Capital City Theatre Goes ‘Out There’ with ‘Hunchback of Notre Dame’ Staged Concert
By Stephanie Harte
Photo Credit: Julian Decker as Quasimodo in Tuacahn Amphitheatre's "The Hunchback of Notre Dame." Photo by Daryl Getman.
When Broadway performer Julian Decker learned there was a theatre that wanted to produce the first staged concert version of The Hunchback of Notre Dame, he knew he had to get involved.
“One of the greatest things about performing is being able to look at a show without all of the extra pizzazz,” Decker explains via email. “Those elements take a production like Hunchback and make it thrilling to watch, but sometimes can lead audiences away from the story that is being told.”
Decker will revive his role as Quasimodo in Capital City Theatre’s upcoming production of The Hunchback of Notre Dame. Decker served as the Quasimodo understudy in the original production, and portrayed the famous outcast at the Tuacahn Amphitheatre in Utah.
Based on the Victor Hugo Novel and songs from the Disney animated feature, The Hunchback of Notre Dame had its U.S. premiere at La Jolla Playhouse in San Diego in 2014 and went on to Paper Mill Playhouse in Milburn, New Jersey in 2015. CCT artistic director Andrew Abrams saw the show at Paper Mill Playhouse and says he felt deeply moved by the score and the story.
In The Hunchback of Notre Dame, a deformed bell-ringer named Quasimodo is held captive by archdeacon Dom Claude Frollo (Ryan Knowles). Longing to be in the real world, Quasimodo escapes his evil caretaker and joins the boisterous crowd during the Feast of Fools in Paris. He quickly learns that the outside world can be just as cruel as Frollo, until he meets the beautiful gypsy Esmeralda (Syndee Winters) and becomes captivated by her free spirit.
Syndee Winters, from the original "Hamilton" cast, will play Esmeralda. Photo courtesy of Capital City Theatre.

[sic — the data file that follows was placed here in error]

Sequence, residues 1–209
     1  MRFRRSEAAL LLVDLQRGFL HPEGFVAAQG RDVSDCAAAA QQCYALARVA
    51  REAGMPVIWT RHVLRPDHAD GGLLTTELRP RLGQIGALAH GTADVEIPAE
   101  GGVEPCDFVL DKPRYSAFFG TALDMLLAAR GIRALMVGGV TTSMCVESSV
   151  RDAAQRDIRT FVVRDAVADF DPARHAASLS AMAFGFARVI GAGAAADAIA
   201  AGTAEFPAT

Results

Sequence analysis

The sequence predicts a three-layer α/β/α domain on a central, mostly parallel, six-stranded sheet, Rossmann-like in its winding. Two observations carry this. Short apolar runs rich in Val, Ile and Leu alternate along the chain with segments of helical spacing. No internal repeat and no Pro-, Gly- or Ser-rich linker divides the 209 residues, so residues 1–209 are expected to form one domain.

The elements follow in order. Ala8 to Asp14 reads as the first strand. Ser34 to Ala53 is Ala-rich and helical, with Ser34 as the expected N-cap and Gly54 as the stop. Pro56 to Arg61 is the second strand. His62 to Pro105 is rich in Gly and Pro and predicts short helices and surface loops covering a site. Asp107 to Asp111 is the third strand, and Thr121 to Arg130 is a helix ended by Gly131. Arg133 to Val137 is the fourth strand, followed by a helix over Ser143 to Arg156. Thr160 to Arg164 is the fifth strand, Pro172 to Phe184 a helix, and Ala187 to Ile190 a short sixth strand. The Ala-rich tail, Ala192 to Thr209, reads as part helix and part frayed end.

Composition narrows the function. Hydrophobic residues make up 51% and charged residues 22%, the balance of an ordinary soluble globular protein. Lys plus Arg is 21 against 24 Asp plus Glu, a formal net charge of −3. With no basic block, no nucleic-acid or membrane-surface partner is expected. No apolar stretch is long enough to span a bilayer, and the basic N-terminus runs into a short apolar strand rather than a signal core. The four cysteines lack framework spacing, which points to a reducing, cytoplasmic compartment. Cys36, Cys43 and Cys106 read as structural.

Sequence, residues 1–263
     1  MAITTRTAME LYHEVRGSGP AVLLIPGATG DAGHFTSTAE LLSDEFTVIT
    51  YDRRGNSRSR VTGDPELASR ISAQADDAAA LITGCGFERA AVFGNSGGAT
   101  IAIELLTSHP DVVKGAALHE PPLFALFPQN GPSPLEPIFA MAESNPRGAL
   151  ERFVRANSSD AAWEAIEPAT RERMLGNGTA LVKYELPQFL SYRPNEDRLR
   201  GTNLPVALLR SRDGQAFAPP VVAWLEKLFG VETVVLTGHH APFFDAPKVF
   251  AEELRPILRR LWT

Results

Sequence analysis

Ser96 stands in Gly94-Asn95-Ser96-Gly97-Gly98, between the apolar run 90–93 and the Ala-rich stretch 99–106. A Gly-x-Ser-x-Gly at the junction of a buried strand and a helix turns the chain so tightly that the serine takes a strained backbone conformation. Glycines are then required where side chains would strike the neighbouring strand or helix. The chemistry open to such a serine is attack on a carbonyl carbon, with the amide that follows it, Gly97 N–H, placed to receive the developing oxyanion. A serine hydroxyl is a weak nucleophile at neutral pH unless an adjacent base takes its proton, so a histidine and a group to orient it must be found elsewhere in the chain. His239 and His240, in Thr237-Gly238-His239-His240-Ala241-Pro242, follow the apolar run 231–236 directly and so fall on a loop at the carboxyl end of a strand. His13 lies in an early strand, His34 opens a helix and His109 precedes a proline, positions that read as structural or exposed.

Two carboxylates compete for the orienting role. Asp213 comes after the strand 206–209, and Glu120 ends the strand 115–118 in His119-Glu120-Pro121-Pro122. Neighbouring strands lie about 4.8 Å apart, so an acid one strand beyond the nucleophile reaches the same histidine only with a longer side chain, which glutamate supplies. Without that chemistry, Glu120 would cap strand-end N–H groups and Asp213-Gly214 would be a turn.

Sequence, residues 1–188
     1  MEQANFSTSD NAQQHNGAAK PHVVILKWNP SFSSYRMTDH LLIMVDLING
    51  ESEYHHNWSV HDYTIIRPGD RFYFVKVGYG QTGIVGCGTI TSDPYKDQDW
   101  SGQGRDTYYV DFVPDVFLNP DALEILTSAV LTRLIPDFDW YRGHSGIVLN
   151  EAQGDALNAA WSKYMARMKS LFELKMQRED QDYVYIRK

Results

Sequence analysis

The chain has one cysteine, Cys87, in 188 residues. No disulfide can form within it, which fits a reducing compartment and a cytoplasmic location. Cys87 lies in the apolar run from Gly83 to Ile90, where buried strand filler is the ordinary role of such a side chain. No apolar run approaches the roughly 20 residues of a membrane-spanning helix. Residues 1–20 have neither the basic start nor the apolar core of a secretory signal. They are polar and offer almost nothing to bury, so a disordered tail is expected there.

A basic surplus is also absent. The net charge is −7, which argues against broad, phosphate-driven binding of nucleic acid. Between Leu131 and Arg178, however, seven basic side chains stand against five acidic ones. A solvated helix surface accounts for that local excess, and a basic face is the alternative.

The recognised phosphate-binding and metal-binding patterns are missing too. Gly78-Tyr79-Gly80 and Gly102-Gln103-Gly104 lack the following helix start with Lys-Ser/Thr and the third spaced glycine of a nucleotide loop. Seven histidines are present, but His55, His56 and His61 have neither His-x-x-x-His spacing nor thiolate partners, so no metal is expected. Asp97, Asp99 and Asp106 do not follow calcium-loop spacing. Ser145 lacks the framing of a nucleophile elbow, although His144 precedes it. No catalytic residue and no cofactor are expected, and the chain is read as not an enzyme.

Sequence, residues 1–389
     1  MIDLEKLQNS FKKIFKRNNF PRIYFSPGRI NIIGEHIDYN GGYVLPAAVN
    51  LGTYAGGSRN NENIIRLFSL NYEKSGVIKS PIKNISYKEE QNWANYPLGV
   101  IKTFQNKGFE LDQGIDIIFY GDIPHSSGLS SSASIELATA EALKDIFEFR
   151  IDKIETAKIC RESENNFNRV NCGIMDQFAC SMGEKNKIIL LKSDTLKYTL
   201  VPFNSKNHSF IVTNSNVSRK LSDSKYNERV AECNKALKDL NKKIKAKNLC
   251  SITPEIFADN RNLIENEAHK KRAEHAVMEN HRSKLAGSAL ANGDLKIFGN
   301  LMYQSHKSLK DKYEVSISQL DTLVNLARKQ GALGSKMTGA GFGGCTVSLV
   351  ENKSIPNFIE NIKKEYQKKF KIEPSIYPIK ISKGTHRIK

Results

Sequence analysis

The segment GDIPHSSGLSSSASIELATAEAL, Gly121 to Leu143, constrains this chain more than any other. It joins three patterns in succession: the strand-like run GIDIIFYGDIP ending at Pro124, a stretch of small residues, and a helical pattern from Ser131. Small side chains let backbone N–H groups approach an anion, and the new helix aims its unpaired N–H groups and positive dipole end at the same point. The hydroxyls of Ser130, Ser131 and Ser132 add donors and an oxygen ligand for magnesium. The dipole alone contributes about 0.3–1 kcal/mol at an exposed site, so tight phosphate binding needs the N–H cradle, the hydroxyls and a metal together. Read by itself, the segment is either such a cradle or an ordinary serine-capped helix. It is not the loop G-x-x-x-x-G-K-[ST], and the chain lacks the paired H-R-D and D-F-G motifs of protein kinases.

The story follows CCT’s theme of acceptance for the 2017-2018 season, which also featured the 25th Annual Putnam County Spelling Bee in the fall.
“The shows couldn’t be more opposite of each other, but each exhibit a kind of acceptance,” Abrams says. “With Spelling Bee we had a bunch of 10-year-olds that were misfits and socially awkward, but trying to find a common ground in the spelling bee. With The Hunchback of Notre Dame, there’s the whole idea of Quasimodo being deformed with a guardian who keeps him locked up and basically says, ‘you can’t go outside because I’m embarrassed by you.’”
CCT fist held auditions for The Hunchback of Notre Dame in Madison, where they found 16 featured ensemble members who will portray narrators, gypsies and gargoyles in the piece. From there Abrams, who will serve as music director, and stage director Brian Cowing flew to New York City to hold auditions for the five principal actors.
Decker admits he didn’t realize CCT was located in Madison until right before his audition. The NYC-based actor has been flying to Madison for the past four holiday seasons with his girlfriend to visit her family, and is ecstatic to share The Hunchback of Notre Dame with her young nieces and nephews.
“Sharing this story not only with these youngsters who are near and dear to my heart, but all the children and parents that will come out to see it, fuels me in giving them a magnificent performance,” Decker says. “The depth of this music can take you on a journey filled with a multitude of emotional colors.”
In addition to the cast, The Hunchback of Notre Dame will feature a 50-person choir and 22-piece orchestra on stage. Abrams says that because of the one weekend run (June 1 – 3), the decision to make the production a staged concert made the most sense since they wouldn’t have much time to utilize an extravagant set or costumes. “We really wanted to aim it at the people and the music,” he says.
CCT artistic director and "Hunchback of Notre Dame" music director Andrew Abrams. Photo courtesy of Capital City Theatre.
Not only will CCT’s Hunchback of Notre Dame have a short run, but an expedited production schedule as well. The cast and production team only get one week of rehearsal and three tech runs before the show. However, Cowing and Abrams have no doubts that these professionals will be able to pull it off.
“To have a live orchestra on stage with Madison’s best and a fantastic choir, the scope of this thing is going to be so big,” Cowing says. “It’s going to literally be a wall of sound coming at you.”
The Hunchback of Notre Dame, presented by Capital City Theatre, runs June 1 – 3 at Overture Center for the Arts’ Capitol Theater. For tickets call 608-571-4212 or visit capitalcitytheatre.org.